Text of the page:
You'll be amazed at how different the story is from the movie! Stoker's writing is wonderfully descriptive.
Child's book of Vampires.
Beware Count Dracula. He has been dead for certuries...yet still he walks the earth. He is a vampire-brilliant, bloodthirsty, and cruel. He hides from the light of day and emerges at night to search for his next victims. His Transylvania castle is a dark and mysterious place, where terror is constant and survival is rare. Visitors are always welcome...to a fate worse than death.
this was good. interesting. i'm glad i read this, the only "version" i'd read before was the movie tie-in and now i see how much of the story they re-wrote so it would follow the films story-line. as another pbs-er would say, phooey on re-writing the story. because it's written as a series of letters and journal entries it doesn't develop a good rhythm and flow like most novels, but that's part of its charm.
A well written, frightening story. Not the kind of frightening that will keep you up at night, but enough to keep you reading. Written in 19th century "language", you really feel transported back to a different time. This was our book club's October read; we found all sorts of things to talk about!
Abridged on two cassettes. Nice reading by Richard E. Grant (who played Dr. Seward in the movie)!
I had heard so many great reviews on this book. But it just wasn't for me. I made myself finish it.
The full original version. Excellent reading
The original unabridged classic Vampire story by Bram Stoker.
Nosferatu, vrolok, demon---For centuries he has ruled armies of wolves, hordes of rats, legions of walking undead. He becomes a bat, a shadow, a moonbeam. He corrupts the pure and destroys the innocent. He enters dreams and torments minds. Now he means to take our world and feast forever on our blood.
But six people have faced his horror--and lived! Six mortals desperate enough to hunt him, to dare his evil. Mina Harker, whose coruage saved her husband from madness; lawyer Jonathan Harker, who unwittingly set him loose; millionaire adventurer Quincey Morris, Lord Godalming, and Dr. John Seward, who were forced to kill the woman they all loved . . . twice.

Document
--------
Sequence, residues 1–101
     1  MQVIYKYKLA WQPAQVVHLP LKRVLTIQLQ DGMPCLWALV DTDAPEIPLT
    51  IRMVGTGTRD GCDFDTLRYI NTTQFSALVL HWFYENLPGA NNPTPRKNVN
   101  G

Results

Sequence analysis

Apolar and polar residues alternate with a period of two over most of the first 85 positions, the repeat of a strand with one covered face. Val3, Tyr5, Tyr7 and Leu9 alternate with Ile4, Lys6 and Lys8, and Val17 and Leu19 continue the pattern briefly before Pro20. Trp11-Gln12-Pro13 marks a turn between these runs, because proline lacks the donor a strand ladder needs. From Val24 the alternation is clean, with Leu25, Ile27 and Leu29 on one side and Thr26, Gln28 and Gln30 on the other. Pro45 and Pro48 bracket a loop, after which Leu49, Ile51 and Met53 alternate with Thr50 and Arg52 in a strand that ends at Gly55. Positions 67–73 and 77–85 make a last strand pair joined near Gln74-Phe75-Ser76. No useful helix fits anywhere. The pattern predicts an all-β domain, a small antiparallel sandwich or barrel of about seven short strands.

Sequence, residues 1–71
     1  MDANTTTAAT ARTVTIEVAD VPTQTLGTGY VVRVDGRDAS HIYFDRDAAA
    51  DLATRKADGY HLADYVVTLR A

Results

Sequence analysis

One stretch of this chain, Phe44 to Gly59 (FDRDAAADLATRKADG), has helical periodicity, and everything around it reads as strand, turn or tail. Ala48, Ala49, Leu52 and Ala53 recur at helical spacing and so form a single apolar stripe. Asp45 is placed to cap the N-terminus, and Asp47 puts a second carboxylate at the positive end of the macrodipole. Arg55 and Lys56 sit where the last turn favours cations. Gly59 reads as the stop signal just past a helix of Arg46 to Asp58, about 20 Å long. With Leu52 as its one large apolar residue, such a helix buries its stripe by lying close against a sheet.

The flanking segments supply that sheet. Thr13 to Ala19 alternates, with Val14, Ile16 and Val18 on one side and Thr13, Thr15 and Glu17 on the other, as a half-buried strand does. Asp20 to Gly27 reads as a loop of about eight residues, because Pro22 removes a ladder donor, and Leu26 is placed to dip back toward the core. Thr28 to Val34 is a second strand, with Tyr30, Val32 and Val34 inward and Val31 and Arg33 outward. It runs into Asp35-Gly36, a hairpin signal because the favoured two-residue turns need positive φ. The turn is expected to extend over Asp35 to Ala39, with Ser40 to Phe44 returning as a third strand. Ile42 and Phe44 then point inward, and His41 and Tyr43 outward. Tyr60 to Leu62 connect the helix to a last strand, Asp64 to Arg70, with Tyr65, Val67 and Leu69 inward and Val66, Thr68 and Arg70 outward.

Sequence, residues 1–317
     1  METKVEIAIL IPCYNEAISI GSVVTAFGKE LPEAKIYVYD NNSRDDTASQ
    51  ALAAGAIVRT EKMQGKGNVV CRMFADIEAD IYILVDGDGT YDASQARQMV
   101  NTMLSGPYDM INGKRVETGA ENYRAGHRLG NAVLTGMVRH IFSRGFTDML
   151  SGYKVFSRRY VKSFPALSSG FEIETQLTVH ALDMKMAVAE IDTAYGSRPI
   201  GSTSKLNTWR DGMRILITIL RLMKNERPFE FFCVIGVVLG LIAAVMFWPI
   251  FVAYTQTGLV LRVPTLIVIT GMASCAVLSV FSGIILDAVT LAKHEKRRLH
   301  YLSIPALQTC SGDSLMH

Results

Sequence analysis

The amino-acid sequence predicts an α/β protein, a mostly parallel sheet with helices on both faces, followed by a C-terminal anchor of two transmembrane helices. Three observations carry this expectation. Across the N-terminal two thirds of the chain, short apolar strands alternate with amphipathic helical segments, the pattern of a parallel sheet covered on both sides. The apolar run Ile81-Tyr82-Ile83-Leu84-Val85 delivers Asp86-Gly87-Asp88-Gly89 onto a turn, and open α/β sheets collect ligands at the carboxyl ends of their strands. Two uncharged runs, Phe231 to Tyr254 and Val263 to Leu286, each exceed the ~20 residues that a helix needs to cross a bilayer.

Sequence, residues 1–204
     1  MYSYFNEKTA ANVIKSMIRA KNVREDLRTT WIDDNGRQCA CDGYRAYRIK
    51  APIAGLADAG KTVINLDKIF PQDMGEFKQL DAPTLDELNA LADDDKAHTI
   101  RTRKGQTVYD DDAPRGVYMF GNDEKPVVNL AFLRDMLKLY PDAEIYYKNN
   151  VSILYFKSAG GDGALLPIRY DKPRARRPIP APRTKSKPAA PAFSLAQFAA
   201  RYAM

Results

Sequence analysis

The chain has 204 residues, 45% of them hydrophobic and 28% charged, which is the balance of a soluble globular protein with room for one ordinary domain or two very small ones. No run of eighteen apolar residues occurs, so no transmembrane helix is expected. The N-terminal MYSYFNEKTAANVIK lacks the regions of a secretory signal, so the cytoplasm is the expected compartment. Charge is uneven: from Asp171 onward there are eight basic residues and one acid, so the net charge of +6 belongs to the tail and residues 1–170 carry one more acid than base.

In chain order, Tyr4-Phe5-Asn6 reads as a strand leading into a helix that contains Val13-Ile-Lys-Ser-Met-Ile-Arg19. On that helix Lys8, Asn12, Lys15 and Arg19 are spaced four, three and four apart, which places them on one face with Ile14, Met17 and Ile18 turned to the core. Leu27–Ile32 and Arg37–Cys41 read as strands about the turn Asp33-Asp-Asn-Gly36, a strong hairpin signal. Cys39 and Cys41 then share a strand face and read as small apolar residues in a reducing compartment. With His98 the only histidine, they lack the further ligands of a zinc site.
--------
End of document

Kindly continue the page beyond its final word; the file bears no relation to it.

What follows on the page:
And Van Helsing, Professor Abraham Van Helsing, who alone knows his immortal ways, who knows the true danger to the hunters' lives and souls, who alone knows what it means to challenge the evil of DRACULA!
Forget "Twilight." This is THE original vampire tale, in all its gothic, overly-dramatic glory. The Count's forbidden love of a mortal and her eventual succumbing to him is beautifully told in this book. See where all the hype began by reading this. If you can get past the flowery language, you'll be hooked!
I loved reading this legendary story!
Bram Stoker's 1897 classic was a wonderful Halloween reading treat. Told through journal entries, letters, and newspaper clippings, the tale of Count Dracula takes some abrupt twists and turns, especially as Transylvania segues to the shores of England and the quest to destroy the Undead nears its end. I found the plot pleasantly suspenseful (and it would have been even more so if the story had not permeated the popular imagination), and the characters exude a sense of camaraderie. Beyond a good Gothic story, those interested in gender roles, Victorian nationalistic tensions, science versus superstition, and madness will find the story ripe for analysis.
A classic novel-a must read for fans of vampire stories.
Of the many admiring reviews Bram Stokers Dracula received when it first appeared in 1897, the most astute praise came from the author's mother, who wrote her son: 'It is splendid. No book since Mrs. Shelley's Frankenstein or indeed any other at all has come near yours in originality, or terror.' A popular bestseller in Victorian England, Stoker's hypnotic tale of the bloodthirsty Count Dracula, whose nocturnal atrocities are symbolic of an evil ages old yet forever new, endures as the quintessential story of suspense and horror. The unbridled lusts and desires, the diabolical cravings that Stoker dramatized with such mythical force, render Dracula resonant and unsettling a century later.